Saturday, 23 September 1935 was a monumental day for Whalley. In the morning he married Margaret Birchall at Prescot Parish Church and in the afternoon played in the 10-0 thrashing of his old team Harrowby in an FA Cup Preliminary Round match at Hope Street. Local cartoonist George Green was on hand to chronicle the event, ingeniously fusing the idea of wedding and football match to comic effect. The ten goals are shown as ten grinning balls each wearing top hats, and Cables centre forward Jack Roscoe is hailed as the Best Man for scoring six of Cables’ goals. As that Lancaster Town supporter implied a few years earlier, Horace Whalley was not a big man. He had neither the height of Harry Nickson nor the robust frame of Frank Garton. But his compact physique and sharp features were heaven-sent for George Green and that other local cartoonist Bert Wright. Occasionally, of course, his relatively slight figure suffered at the hands of big, aggressive centre forwards. Men like ex-Bolton and England star Joe Smith (later manager of Blackpool during the Matthews Era), who Horace faced in a match against Manchester Central during his first spell at Cables. Smith charged Whalley so fiercely that ‘the goalkeeper finished unconscious in the back of the net and it took a couple of trainers and an ambulance man to bring him round!’ (Walker).
As his parents’ long spell in charge at the Bath Springs came to a close, an eye injury kept their son out of the Cables line-up between Spring 1936 and Easter 1937. He was sorely missed, Cables conceding over a hundred goals during the period. By October 1937 he was ‘back to his brilliant best’ (Walker) and in the ensuing November the Liverpool Echo reported that Cables were lucky to have such experienced players as Whalley. On 26 February 1938 he assumed the role of Cables’ penalty-taker, converting a spot-kick in a thrilling 3-2 defeat against South Liverpool at Hope Street. Cartoonist Bert Wright captured the occasion in one of his amusing pictorial match reports. After a well-deserved benefit match in May 1938 (Cables versus South Liverpool again), when Horace was 29 years old, he ‘was playing as well as ever’ (Walker) during the ensuing 1938-39 season. He did not play in any of the three Cables matches that preceded Neville Chamberlain’s declaration of war on Sunday, 3 September 1939, though, keen to play as ever, he did turn out for Prescot BI against Earlestown Bohemians at the end of the month. Nothing is known of Horace’s war service. He was aged 30-36 during the conflict.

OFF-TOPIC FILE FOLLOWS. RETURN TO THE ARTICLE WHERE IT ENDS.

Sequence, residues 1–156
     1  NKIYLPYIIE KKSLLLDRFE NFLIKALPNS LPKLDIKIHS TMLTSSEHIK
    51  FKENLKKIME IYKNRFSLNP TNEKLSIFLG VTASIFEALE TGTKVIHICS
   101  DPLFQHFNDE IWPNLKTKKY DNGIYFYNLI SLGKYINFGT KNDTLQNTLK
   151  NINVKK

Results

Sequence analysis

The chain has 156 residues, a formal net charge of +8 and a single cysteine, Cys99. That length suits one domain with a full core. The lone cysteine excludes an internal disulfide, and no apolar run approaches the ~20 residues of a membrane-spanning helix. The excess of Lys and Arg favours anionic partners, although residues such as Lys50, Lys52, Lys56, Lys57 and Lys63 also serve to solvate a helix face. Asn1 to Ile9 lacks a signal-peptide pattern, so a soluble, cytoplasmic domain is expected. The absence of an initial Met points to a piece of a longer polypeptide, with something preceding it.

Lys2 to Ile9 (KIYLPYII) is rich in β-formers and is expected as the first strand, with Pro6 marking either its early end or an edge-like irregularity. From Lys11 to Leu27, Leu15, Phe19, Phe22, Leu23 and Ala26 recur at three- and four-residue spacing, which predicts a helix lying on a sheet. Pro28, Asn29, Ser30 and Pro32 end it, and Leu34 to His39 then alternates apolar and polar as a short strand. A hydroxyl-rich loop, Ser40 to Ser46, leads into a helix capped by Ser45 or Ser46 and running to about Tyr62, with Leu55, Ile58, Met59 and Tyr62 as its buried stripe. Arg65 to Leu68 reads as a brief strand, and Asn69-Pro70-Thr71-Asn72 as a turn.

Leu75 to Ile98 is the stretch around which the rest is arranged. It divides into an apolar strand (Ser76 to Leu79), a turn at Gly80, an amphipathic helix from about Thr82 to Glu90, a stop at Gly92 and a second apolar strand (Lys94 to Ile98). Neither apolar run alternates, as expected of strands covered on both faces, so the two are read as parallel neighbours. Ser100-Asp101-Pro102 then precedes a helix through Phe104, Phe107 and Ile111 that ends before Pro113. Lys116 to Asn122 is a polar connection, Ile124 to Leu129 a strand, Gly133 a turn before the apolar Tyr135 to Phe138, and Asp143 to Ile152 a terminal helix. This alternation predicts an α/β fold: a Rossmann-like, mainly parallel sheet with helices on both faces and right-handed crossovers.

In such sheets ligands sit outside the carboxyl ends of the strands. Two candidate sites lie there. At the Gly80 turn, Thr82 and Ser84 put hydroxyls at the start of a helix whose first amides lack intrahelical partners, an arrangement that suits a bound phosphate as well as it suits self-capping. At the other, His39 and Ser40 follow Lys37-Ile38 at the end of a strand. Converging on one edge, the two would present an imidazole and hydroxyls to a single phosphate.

Like Bill Rainford, Fred Finney and many other Cables players, Horace was more than an outstanding footballer. He was also a talented all-round athlete, ‘engaged in running, jumping, tennis, cricket and billiards in his time’ (Walker). It must have been painfully frustrating when, in 1946, he suffered an accident at work that resulted in the amputation of his left foot. In an undated clipping from the Prescot and District Reporter (kept at the Prescot Museum), Bert Taylor reports on Whalley’s welcome appearance in the vice-presidents’ stand at Hope Street.
Horace, well known in Prescot for his sporting qualities, was only recently discharged from Whiston County Hospital … Despite his handicap, he has, happily, managed to retain his cheerful disposition, and in answer to my inquiry regarding his welfare, said: ‘I will feel better when I get something stuck on the end’. For many seasons, Horace was a popular member of Prescot Cables’ playing staff and was regarded as one of the most brilliant goalkeepers in the Lancashire Combination. His valuable services to the club will long be remembered. It is pleasing to note that, as a vice-president, he still takes a deep interest in the club, and supporters will join me in expressions of good luck for his future.
Virtually nothing is known about his subsequent life. He died close to his 68th birthday sometime between January and March 1977. Rather surprisingly, his death was registered in Greenwich, London. If any readers can shed light on Horace Whalley’s family life and later years, please contact the club.
I am indebted to my brother John Williams for help with Horace Whalley’s birth and parentage, Jack Whittingham for allowing me access to his South Liverpool FC scrapbook and, as always, Neville Walker for unpublished notes for his book From Slacky Brow to Hope Street.